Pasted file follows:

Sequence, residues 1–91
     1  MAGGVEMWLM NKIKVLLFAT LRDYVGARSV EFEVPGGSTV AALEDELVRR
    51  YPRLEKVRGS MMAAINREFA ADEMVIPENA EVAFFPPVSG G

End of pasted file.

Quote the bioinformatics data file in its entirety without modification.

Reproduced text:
Sequence, residues 1–91
     1  MAGGVEMWLM NKIKVLLFAT LRDYVGARSV EFEVPGGSTV AALEDELVRR
    51  YPRLEKVRGS MMAAINREFA ADEMVIPENA EVAFFPPVSG G